zaterdag 19 november 2016

William Peter Blatty: The Exorcist

Hi again

This review is for William Peter Blatty’s classic The Exorcist.
My copy has 351 pages and I got it from my grandfather because he was getting rid of quite a few of his old books.

“The terror began unobtrusively. Noises in Regan's room, an odd smell, misplaced furniture, and icy chill. Small annoyances for which Chris MacNeil, Regan's actress mother, easily found explanations. The changes in eleven-year-old Regan were so gradual, too, that Chris did not recognise for some time how much her daughter's behaviour had altered. Even when she did, the medical tests which followed shed no light on Regan's symptoms, which grew more severe and frightening. It was almost as if a different personality had invaded the child. Desperate, Chris turned from the doctors to Father Damien Karras, a Jesuit priest who was trained as a psychiatrist and had a deep knowledge of such phenomena as satanism and possession. Was it possible that a demonic force was at large? If psychiatry could not help, might exorcism be the answer?”

                                                *    SPOILERS   *

Even though I haven’t seen the movie, the internet has spoiled me for quite a few key-elements of the book. Aside from that, even without these spoilers, the title kind of says it all. This is a book about the exorcism of a young girl. Add to that the blurb on the back and you can basically guess how the story will go.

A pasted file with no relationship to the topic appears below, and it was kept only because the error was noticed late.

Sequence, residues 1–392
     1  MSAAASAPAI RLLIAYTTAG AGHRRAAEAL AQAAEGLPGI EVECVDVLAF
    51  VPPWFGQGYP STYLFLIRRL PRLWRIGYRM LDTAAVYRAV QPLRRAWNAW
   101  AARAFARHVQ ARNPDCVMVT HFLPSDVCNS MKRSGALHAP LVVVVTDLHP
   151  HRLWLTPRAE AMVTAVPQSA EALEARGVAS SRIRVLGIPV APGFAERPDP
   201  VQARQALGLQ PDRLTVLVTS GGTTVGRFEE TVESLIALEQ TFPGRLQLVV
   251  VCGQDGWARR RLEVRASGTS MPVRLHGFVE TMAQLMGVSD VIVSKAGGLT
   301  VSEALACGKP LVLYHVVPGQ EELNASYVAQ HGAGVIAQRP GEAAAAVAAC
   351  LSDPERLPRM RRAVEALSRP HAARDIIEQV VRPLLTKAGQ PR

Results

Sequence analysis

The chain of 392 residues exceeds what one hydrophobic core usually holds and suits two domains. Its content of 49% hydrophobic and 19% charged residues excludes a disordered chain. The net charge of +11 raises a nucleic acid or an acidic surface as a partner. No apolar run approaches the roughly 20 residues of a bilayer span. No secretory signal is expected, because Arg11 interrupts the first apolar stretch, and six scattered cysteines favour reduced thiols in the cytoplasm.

And because of those spoilers the book isn’t scary to be honest, I had more of a ‘yuk’ feeling reading some scenes.
More than half the book is just drama, drama, drama and Chris trying to figure out what’s wrong with her daughter. We already know, so I truly wished Blatty would get on with the story.
He didn’t.
He just kept going on and on about what could be wrong with her. Why did he even give the book this title if he wanted to write the story of figuring out what’s wrong with her?
There’s too much drama and too little is happening.
And the too overtly religious aspect of the story made it hard to stomach at times.  I really don’t care for the religious details and the long, meandering explanations.

I did enjoy the writing-style. It’s old-fashioned, but is fits the story very well.
The characters are clearly defined and have more depth than you’d expect from a book like this.
That’s about what I liked about it I’m afraid.


Happy reading!